Despite these hurdles, women demonstrate a remarkable ability to improve their own circumstances – and the circumstances of others – when given the tools and opportunities to do so. A woman with even some education is likely to have fewer children and a healthier family, and is better equipped to contribute to the local and global economy. She is less likely to become infected with HIV, less likely to be married off at a young age, and more likely to participate in political processes. Studies show that women in developing countries invest more of their income in the education, nutrition, and healthcare of their children, and are more likely to contribute to broader livelihood improvements in their communities, creating better opportunities for future generations.
Through women’s leadership development in Africa, LLN strives to promote healthier relationships, stronger families and communities, and a more just society for all. Working with women is both an end in itself, as well as a means to a more vibrant and equitable future. We base our work on the fundamental conviction that the entire world stands to benefit from the creative and productive potential of empowered women.
What Makes Us Different
In the wave of projects and funding measures targeting women in the developing world that has arisen in recent years, few focus on women in the educational system and professional endeavors. Our focus on high school, college and professional women addresses a section of the population that top-down initiatives, like advocacy and policy efforts, and bottom-up measures, such as microfinance programs at the local level, tend to overlook. We empower women to make the changes they want to see in their own communities by rallying them to engage in social change projects as well as encouraging them to take on leadership roles within their personal endeavors and chosen professions- eventually impacting the issues traditionally targeted by NGO’s and international organizations in a more sustainable way. Our beneficiaries have the cultural know-how to address issues in an effective and appropriate manner; we provide the tools and support they need to effect lasting social change. Women in the educational system represent a vast store of potential that LLN promises to unleash.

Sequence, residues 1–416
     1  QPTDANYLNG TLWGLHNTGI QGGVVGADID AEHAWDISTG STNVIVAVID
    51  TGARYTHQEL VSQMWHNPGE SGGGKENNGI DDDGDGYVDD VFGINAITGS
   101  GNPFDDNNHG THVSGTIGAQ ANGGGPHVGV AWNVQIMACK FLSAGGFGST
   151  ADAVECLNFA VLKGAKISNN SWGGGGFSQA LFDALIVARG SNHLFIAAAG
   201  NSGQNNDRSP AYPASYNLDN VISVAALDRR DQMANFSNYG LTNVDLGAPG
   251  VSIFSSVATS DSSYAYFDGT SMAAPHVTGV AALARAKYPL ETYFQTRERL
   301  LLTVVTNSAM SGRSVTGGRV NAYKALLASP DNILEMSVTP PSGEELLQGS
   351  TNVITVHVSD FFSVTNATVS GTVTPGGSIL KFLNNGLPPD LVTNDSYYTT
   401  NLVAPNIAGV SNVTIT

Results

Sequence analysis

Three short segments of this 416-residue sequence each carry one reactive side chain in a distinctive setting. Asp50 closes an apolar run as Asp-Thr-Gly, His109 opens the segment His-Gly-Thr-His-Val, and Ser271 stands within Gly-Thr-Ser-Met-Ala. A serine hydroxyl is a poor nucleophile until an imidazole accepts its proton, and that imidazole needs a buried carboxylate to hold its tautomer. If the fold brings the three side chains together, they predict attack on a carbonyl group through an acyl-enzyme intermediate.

The LLN movement is a collaborative effort that is organized around shared core values; we welcome men at our seminars and as associate members of our network. We believe that knowledge and understanding must be cultivated across gender lines in order to achieve positive social change. We encourage leaders that are bold but not offensive, assertive but not divisive, resolute but not dogmatic.
|LLN will host a screening of the award-winning documentary Miss Representation on June 22 at the Silverbird Cinema in Accra. Email email@example.com for ticket information.|
|LLN Founding Director speaks at the World Economic Forum on Africa|
|Learn more about our Founding Director in a recently published article,Yawa Hansen-Quao Leading the Way.|